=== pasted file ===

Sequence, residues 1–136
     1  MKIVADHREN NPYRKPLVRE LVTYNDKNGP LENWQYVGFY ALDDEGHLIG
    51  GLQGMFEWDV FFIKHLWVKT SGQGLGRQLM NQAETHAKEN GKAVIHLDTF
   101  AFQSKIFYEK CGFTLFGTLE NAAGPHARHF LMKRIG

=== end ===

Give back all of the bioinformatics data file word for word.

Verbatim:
Sequence, residues 1–136
     1  MKIVADHREN NPYRKPLVRE LVTYNDKNGP LENWQYVGFY ALDDEGHLIG
    51  GLQGMFEWDV FFIKHLWVKT SGQGLGRQLM NQAETHAKEN GKAVIHLDTF
   101  AFQSKIFYEK CGFTLFGTLE NAAGPHARHF LMKRIG